IT seemed a simple enough task for Jenny: catch the 6.04pm service from Slaithwaite arriving into Huddersfield eight minutes later, giving her 28 minutes to meet me at the station before boarding the train to Wakefield.
From there it would be onward to a weekend in London.
But with Northern Rail things are rarely straightforward.
By ten past six the train had not shown up in Slaithwaite. Perhaps it had been delayed.
In these situations a working station tannoy is rather handy, as it allows passengers to make informed decisions. But no announcement came from the ancient, crackly speaker.
Not knowing if the train was cancelled or merely delayed, Jenny decided it was best to go home, get in her car and drive into town.
She made it to Huddersfield Station at exactly 6.39pm, allowing us the pleasure of a dash to Platform 6, where we were literally the last people to get on the Wakefield train.
Had Jenny waited another minute at Slawit before giving up on the train, we would have missed our connection. Which would have made the tickets to London I bought two weeks earlier invalid. Which would have meant paying on the train down from Wakefield – an extremely painful financial experience.
As it was we just made it, meaning I haven’t spent the last three days making a voodoo doll of the Northern Rail chairman.
But it was a close run thing, and not an especially stress-free way to start the weekend.
Of course, trains are delayed and sometimes even cancelled – at least in this country. So we shouldn’t crucify Northern Rail for one wee mistake. But last Friday’s no-show was far from an isolated incident.
During Marsden Jazz Festival a few weekends ago, a Northern Rail train arrived at the wrong platform at the village station and then pulled away before the 30 would-be passengers could make it to the train.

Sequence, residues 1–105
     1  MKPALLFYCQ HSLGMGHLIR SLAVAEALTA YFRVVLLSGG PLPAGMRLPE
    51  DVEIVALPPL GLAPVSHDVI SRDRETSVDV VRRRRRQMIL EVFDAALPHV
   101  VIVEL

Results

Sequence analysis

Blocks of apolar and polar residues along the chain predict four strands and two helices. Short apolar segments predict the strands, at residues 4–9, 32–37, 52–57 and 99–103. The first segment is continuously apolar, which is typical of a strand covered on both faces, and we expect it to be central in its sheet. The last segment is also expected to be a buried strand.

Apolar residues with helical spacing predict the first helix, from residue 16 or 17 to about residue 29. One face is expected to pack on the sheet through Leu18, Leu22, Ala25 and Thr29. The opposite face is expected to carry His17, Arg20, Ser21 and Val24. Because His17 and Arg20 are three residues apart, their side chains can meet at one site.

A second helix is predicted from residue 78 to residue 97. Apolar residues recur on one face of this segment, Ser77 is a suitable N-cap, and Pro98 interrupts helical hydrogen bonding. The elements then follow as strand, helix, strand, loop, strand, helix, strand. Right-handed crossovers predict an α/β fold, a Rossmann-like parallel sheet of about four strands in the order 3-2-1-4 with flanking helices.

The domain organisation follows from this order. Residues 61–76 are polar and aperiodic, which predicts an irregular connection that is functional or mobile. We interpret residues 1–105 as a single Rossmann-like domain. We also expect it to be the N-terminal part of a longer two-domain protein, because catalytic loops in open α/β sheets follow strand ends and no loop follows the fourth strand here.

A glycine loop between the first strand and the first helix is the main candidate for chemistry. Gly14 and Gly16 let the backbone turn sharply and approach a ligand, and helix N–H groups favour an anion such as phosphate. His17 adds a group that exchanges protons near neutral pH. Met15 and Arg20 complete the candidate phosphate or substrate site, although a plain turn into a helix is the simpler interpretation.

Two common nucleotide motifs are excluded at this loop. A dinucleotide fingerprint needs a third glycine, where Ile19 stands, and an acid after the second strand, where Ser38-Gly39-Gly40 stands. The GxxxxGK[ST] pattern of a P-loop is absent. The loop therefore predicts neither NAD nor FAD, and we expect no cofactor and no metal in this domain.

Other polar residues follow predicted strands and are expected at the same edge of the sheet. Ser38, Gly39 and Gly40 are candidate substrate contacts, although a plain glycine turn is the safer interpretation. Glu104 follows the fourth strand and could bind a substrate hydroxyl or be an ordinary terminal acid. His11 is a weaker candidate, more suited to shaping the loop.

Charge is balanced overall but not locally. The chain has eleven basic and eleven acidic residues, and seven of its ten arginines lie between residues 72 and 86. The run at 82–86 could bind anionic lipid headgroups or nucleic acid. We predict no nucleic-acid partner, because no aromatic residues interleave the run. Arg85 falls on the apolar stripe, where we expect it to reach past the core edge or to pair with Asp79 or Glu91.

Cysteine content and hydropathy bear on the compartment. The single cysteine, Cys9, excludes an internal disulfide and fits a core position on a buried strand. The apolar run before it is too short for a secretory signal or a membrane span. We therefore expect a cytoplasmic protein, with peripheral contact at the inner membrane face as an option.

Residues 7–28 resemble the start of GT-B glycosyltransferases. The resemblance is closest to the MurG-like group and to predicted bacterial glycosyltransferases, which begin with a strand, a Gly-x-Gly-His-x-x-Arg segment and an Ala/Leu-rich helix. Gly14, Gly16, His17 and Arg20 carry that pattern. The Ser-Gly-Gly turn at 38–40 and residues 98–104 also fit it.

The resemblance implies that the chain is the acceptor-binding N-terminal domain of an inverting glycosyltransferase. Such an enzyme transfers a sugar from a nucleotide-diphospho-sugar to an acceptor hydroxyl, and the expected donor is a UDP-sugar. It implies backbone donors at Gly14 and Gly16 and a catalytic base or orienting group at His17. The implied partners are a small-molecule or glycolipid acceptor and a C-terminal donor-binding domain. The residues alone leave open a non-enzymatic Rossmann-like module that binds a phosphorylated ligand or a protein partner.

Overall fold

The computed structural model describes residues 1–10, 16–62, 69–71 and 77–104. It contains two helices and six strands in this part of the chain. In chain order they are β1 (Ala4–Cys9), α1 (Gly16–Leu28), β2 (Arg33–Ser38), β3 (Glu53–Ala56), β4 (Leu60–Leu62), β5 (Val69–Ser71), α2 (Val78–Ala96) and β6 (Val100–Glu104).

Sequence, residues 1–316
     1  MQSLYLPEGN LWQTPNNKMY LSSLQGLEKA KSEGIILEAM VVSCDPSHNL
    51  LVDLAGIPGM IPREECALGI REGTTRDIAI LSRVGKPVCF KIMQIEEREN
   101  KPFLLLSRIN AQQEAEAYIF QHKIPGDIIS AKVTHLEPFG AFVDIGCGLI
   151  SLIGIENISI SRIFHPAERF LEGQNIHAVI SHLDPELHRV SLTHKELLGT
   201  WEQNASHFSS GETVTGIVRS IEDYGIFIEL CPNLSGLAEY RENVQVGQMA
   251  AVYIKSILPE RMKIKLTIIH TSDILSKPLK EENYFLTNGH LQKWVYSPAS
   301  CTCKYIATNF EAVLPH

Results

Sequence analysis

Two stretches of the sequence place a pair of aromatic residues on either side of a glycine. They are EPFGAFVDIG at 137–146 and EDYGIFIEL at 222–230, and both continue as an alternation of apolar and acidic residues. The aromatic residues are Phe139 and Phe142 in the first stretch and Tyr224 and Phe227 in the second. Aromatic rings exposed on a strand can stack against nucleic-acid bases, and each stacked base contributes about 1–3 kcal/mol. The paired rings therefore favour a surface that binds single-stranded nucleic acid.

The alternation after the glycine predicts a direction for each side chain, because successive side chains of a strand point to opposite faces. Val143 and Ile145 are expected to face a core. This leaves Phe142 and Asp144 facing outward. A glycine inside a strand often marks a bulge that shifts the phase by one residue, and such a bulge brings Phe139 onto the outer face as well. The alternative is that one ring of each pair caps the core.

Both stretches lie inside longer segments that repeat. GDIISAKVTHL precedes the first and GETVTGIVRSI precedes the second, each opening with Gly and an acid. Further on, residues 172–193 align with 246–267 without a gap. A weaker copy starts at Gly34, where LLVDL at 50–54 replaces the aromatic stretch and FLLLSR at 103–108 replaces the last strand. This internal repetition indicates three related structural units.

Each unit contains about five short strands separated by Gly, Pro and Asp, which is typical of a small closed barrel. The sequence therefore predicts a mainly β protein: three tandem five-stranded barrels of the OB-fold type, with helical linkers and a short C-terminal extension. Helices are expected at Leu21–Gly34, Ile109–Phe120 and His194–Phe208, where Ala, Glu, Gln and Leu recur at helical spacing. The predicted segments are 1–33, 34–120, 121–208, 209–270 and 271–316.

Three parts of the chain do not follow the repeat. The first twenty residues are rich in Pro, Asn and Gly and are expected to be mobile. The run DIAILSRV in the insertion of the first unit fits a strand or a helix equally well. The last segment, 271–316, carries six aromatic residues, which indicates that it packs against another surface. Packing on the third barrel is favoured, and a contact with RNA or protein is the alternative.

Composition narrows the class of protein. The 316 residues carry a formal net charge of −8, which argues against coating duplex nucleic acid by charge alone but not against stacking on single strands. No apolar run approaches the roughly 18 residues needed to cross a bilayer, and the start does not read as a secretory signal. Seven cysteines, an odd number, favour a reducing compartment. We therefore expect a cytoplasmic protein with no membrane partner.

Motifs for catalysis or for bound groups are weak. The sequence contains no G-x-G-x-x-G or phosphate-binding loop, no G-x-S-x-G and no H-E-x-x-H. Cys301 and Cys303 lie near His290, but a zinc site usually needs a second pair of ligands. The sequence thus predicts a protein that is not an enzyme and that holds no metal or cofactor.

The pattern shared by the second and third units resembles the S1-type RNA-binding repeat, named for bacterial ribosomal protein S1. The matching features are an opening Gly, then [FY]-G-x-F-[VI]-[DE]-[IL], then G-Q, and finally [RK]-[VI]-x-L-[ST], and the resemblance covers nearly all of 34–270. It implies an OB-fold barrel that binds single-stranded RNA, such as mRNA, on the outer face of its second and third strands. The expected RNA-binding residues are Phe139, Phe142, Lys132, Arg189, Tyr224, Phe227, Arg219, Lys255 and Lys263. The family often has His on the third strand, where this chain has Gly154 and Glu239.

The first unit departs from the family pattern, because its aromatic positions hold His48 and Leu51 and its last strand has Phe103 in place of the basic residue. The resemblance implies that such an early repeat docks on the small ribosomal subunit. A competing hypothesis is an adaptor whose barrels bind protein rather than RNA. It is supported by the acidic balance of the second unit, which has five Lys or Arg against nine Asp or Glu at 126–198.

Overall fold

The root of the problem – as at Slawit last Friday – was the lack of a working tannoy which could have warned the passengers in good time that they needed to move to a different platform.
Both of the Colne Valley stations are dirty, unwelcoming, dated places. They sit there in the middle of two wonderful villages, bringing down the tone of the neighbourhood.
With their graffiti and peeling paint, they reek of neglect. They are disregarded by Northern Rail to such an extent that, as I noted in a column last year, excrement can lie in the station shelter at Slaithwaite for days on end before someone comes to clean it up.
When a train finally does arrive, it doesn’t so much glide as limp into the station.
Geographically speaking, the train comes from Manchester. But in design terms, it comes straight from the 1970s.
Once on board there’s usually no problem finding a seat, such is the popularity of the service. But finding a seat without rubbish strewn around it is much more difficult.
Then there’s the price of tickets. If you’re happy enough staying within the parish boundaries then the fares aren’t so bad – it’s £1.80 return from Slawit into town.
But God forbid you should ever want to cross the border into Lancashire. I couldn’t believe the cost of a return ticket when I travelled from Slaithwaite to Greenfield last year – nearly £6 for a two-stop journey.
I felt like telling the guard that he must have misunderstood the nature of the proposed transaction: I merely wanted to travel on the train for a short period of time – not buy the thing.
But the worst thing about the Colne Valley line is not that Northern Rail offers a shoddy service week in, week out.
It’s that we, the paying public, just put up with it. We don’t bother complaining, we don’t demand that the stations are improved or the rolling stock brought into the 1980s.
We just sit there among the damp newspapers and make do.
It’s our fault the service is as bad as it is, because we let Northern Rail treat us like this.